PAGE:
There is always an arguement in legalising euthanasia, the other side of the story. Deliberately ending your life or another’s life is considered illegal and a crime. Under the law, killing another human being, could be assisted, supported or intentionally categorised as manslaughter or murder, and is punishable under the jurisdiction. Legalising euthanasia provides authority for the doctors to pratice their right to perform euthanasia in full extent, and they have overwhelming power which can be abused. The life of someone dying can be under the hands of the unethical doctors, and they could misuse their right, playing with the lives of a human being unscrupulously. For example, doctors assume that conducting euthanasia to a dying patient is the best choice for the individual without even thinking the morality of euthanasia.

When a person is suffering from a terminal illness, or is in a coma, he/she is not in the right state of mind to permit to withhold the treatment, the legality of the consent is eventually questioned. They feel that they are pressured because of the situation itself, hence, it contradicts their will to live.

Everyone wants to live a healthy life, every human being does not desire to depart, however, under a constraint situation, patients turn to euthanasia as their last resort. The Almighty gave us life as a gift from above, it is a divine gift, a gift that no mortal has any right to give away, but only God alone.

Opinion

Ending a person’s life intentionally, to end one’s suffering and agony is the most humane and dignified way on how to depart, nonetheless, euthanasia is still considered a taboo in this society. It is still considered illegal and immoral. As human beings, people do not have the right to terminate lives or other’s, it is only the Creator who has a right to take lives in due course.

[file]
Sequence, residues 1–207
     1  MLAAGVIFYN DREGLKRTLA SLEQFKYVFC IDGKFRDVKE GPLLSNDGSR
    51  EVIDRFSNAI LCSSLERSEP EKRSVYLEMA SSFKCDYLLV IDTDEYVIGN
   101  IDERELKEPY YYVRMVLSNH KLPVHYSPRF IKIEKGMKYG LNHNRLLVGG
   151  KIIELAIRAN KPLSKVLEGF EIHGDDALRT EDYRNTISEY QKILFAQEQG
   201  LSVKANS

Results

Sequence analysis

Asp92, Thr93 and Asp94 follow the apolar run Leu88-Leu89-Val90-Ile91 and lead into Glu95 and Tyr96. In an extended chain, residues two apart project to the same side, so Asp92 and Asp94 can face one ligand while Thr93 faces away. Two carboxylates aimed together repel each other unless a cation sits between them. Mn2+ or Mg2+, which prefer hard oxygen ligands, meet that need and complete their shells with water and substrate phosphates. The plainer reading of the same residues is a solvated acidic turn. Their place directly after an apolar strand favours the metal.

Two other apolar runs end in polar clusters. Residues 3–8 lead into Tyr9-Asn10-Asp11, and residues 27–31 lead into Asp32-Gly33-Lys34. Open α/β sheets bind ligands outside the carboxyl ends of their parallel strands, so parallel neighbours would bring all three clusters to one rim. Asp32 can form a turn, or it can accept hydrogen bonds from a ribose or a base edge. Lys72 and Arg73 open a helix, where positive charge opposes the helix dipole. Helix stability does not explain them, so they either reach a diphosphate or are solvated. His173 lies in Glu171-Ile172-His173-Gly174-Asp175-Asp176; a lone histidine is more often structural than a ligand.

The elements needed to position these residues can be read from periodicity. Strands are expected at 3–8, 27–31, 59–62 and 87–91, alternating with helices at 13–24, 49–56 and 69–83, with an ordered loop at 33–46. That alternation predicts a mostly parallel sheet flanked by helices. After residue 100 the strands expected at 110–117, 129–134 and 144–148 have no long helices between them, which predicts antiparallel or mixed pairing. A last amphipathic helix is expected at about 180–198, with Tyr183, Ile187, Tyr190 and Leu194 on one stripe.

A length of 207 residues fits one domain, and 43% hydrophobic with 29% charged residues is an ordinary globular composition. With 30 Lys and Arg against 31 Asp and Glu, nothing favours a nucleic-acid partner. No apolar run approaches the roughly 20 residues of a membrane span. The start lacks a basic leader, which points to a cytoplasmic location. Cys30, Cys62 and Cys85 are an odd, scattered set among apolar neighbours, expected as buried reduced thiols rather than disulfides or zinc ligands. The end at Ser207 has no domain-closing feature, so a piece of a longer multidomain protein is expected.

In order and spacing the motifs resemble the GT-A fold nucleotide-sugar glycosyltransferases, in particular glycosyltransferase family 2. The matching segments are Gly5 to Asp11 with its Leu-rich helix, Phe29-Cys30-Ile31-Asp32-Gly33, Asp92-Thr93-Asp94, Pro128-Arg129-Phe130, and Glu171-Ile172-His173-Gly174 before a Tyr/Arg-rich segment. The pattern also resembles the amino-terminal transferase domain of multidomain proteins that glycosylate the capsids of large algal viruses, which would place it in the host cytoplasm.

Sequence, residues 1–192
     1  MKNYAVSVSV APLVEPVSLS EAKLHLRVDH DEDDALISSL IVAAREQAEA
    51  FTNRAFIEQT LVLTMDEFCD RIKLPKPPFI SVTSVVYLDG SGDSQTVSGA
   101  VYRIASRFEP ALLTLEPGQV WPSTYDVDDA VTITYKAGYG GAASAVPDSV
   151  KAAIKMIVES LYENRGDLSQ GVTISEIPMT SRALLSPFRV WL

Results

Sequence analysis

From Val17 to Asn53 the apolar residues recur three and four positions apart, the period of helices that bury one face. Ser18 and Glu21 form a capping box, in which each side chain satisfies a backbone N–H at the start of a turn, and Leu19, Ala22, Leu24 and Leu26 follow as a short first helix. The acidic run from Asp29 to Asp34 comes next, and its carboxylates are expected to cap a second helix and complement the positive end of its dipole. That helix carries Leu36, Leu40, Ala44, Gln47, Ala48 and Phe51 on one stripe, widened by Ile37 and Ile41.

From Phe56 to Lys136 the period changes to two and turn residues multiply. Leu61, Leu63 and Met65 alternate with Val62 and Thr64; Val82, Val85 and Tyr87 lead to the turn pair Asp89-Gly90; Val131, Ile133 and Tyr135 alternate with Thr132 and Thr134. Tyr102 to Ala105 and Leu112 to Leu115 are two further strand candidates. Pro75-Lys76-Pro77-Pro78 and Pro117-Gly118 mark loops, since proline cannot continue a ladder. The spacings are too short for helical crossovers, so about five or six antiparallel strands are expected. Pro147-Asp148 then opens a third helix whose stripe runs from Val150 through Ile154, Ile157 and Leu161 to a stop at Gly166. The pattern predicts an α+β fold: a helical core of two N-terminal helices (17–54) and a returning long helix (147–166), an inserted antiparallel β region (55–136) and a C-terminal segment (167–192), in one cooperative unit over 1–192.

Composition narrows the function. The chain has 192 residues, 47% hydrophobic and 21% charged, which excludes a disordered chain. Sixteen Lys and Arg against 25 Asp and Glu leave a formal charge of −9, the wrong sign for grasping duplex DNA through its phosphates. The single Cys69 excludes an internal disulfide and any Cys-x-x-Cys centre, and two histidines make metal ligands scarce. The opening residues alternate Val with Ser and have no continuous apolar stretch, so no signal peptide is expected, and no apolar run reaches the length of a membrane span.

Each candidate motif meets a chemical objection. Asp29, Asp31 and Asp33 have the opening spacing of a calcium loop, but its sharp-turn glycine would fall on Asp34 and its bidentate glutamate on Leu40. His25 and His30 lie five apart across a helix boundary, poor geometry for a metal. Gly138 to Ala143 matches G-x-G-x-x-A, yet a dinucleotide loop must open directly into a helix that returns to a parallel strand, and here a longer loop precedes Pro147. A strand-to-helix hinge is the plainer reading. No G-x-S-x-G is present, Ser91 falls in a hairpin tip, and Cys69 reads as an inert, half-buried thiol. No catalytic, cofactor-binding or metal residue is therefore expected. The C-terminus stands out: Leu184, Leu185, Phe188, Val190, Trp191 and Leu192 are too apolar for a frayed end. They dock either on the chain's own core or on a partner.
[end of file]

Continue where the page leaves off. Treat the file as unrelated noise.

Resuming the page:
Conclusion

Amidst controversy in the issue of legalisation of Euthanasia in the UK, there will be always two sides of the story, the story of never-ending debate if euthanasia should be legalised in this country. It will be a long journey for everyone to eventually accept euthanasia, legally and morally in its anticipated path. Though there are several reasons to consider legalising Euthanasia, there are also reasons to argue about killing their own life. The question is, which side are to take.

References

  1. BBC.co.uk. Ethical problems of euthanasia, [e-journal]. Available through: [Accessed 13 February 2020].
  2. Bowcott, O., 2019. Legalise assisted dying for terminally ill, say 90% of people in UK. [e-journal]. Available through: [Accessed 13 February, 2020].
  3. HAIGH, C., 2012. Exploring the case for assisted dying in the UK. Nursing Standard (through 2013), [e-journal] 26(18), pp. 33-9. Available through: Nice Healthcare Databases Advanced Search website [Accessed 11 February 2020].
  4. Inbadas, H., Zaman, S., Whitelaw, S., & Clark, D., 2017. Declarations on euthanasia and assisted dying. Death studies, 41(9), 574–584. https://doi.org/10.1080/07481187.2017.1317300
  5. Kamouni, S., 2019. THE RIGHT TO DIE? What is euthanasia, what is the mercy killing debate and is assisted suicide legal in the UK? [e-journal]. Available through [Accessed 13 February 2020].
  6. Merriam-Webster, 1828. Euthanasia [online] Available at: [Accessed 11 February 2020].
  7. NHS.UK, 2017. Euthanasia and assisted suicide. [online] Available at: [Accessed 11 February 2020].
  8. Papadopoulou, N,. 2017. Assisted-dying laws are progressing in some places – the UK isn’t one of them, [e-journal]. Available through: [Accessed 11 February 2020].
  9. Politics.co.uk. Euthanasia [e-journal]. Available through: [Accessed 13 February 2020].
  10. Seale C. (2010). How the mass media report social statistics: a case study concerning research on end-of-life decisions. Social Science and Medicine 71, 5: 861-868. Available through: Nice Healthcare Databases Advanced Search website [Accessed 13 February 2020].
  11. The Editors of Encyclopaedia Britannica, 2019. Euthanasia [online] Available at : [Accessed 11 February 2020].
  12. The Week, 2018. The pros and cons of legalising euthanasia. [e-journal]. Available through: [Accessed 13 February 2020].
Debate About Legalisation of Euthanasia in the UK essay

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Debate About Legalisation of Euthanasia in the UK. (2022, Apr 20). Retrieved from https://samploon.com/debate-about-legalisation-of-euthanasia-in-the-uk/